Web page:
Delaware News & Analysis

  • Cybercriminals find chances to pry, pounce in your COVID-19 planning efforts

    As COVID-19 spreads around the globe, cybersecurity and data privacy risks are expanding for employers. Read on to learn some simple steps you can take to address and mitigate the dangers.

  • Supreme Court upholds electronic arbitration agreements

    In a landmark decision for employers, the New Jersey Supreme Court recently released its long-awaited opinion in Skuse v. Pfizer, holding an employee must arbitrate her employment discrimination claims agreed to in an electronic employee arbitration agreement. The decision reverses the Appellate Division's January 2019 decision, which had imposed heightened requirements on employers obtaining employees' assent to arbitration agreements.

  • Virginia enacts standards to protect workers from COVID-19 exposure

    Virginia has become the first state in the nation to enact mandatory workplace safety rules to prevent the spread of COVID-19. The emergency temporary standard (ETS) for infectious disease prevention took effect July 27, 2020. The new standard covers most private employers in Virginia as well as all state and local employees and will be enforced by Virginia Occupational Safety and Health (VOSH). Employers that fail to comply with the new rules face fines of up to $13,494 for a "serious" violation and up to $134,937 for a "repeat" or "willful" violation.

  • Crossing state lines and possibly eluding arbitration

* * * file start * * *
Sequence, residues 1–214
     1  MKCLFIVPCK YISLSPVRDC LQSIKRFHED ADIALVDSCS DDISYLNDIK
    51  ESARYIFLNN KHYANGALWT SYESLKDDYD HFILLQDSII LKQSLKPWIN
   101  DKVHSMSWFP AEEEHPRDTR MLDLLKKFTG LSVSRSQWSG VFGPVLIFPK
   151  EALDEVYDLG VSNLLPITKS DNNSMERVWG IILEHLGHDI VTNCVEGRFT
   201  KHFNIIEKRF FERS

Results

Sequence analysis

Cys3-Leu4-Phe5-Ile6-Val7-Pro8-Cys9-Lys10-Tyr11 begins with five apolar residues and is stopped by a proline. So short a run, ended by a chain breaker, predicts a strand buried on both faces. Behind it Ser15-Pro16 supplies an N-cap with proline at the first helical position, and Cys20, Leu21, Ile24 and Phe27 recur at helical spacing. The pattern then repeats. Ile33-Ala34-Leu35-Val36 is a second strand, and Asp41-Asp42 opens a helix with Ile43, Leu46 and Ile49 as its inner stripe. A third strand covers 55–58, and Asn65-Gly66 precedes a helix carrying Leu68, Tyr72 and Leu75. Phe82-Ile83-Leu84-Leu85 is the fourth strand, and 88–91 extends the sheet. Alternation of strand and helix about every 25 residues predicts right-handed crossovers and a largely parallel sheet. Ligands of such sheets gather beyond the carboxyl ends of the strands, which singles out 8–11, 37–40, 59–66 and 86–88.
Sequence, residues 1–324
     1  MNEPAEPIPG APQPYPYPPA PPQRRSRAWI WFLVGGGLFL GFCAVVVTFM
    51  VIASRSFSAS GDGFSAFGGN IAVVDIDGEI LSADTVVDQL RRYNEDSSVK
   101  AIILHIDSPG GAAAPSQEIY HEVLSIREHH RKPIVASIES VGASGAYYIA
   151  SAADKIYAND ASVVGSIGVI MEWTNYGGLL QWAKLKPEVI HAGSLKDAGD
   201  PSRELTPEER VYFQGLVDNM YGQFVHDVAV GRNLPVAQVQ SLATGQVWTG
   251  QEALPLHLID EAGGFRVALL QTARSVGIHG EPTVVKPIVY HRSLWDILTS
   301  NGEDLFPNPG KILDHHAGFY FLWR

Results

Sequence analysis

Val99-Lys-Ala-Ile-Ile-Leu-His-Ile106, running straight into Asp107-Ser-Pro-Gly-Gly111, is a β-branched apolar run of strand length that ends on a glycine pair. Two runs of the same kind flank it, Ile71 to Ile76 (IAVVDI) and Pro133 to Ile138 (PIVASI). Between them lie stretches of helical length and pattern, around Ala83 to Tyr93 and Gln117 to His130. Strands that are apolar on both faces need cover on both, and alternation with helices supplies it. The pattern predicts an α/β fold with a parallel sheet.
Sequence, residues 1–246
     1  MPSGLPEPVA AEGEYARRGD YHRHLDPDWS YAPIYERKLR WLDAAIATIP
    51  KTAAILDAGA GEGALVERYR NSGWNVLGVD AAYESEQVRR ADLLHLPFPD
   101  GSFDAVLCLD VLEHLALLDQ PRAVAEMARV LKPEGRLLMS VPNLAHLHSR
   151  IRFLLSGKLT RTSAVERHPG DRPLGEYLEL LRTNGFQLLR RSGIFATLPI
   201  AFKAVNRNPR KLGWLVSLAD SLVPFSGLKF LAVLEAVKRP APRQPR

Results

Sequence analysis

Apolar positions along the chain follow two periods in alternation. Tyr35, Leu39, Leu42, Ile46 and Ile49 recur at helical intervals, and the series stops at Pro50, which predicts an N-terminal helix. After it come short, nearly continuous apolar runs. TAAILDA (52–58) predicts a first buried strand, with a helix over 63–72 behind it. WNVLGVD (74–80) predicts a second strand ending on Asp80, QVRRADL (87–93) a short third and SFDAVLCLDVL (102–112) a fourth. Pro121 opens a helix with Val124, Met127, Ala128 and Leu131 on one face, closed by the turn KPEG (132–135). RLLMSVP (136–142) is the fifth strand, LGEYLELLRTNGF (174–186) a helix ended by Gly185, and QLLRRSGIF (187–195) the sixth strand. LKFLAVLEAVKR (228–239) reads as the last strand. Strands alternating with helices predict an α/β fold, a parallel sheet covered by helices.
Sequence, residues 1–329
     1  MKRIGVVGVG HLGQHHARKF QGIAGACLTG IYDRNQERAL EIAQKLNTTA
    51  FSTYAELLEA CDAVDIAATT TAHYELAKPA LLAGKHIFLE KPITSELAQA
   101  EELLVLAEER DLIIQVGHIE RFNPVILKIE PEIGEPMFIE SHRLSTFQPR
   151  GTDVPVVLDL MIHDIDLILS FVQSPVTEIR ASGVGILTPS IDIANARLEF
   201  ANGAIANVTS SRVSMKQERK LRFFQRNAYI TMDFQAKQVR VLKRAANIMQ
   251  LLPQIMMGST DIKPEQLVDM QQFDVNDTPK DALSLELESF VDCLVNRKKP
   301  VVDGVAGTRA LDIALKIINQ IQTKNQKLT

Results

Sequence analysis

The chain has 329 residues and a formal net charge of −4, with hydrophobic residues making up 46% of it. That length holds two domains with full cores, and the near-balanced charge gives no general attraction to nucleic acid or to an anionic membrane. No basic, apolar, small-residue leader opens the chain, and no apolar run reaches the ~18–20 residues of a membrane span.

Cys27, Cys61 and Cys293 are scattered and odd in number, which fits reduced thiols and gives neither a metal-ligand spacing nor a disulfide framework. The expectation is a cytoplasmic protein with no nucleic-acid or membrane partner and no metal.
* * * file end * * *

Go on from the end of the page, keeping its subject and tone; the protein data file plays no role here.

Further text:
On July 28, Chief District Judge Freda L. Wolfson in the U.S. District Court for the District of New Jersey denied Amazon's request to dismiss a delivery driver's employee misclassification lawsuit. The judge ordered the parties to engage in discovery (pretrial fact-finding) to determine whether the driver was engaged in interstate commerce, which would make him exempt from arbitration under the Federal Arbitration Act (FAA).

  • 4th Circuit rules for transgender student

    Transgender student Gavin Grimm has just chalked up another victory in his years-long challenge to the Gloucester County School Board's policy requiring students to use the restrooms matching their biological sex. Grimm's win, which follows on the heels of a U.S. Supreme Court decision extending Title VII of the Civil Right Act of 1964's protections to LGBTQ employees, marks yet another step in the movement to accord full equality to the community and has significant ramifications for all employers.

  • NJ federal court says workers can't disclose trade secrets, even to themselves

    The U.S. District Court for the District of New Jersey recently considered a request to dismiss a complaint against an employee who allegedly misappropriated her employer's trade secrets. The court denied the request in part, finding the employer sufficiently pleaded claims for violations of the Defense of Trade Secrets Act (DTSA) and the New Jersey Trade Secrets Act (NJTSA) as well as breach of contract and breach of the duty of loyalty.

  • Despite recent court decisions, questions remain for religious employers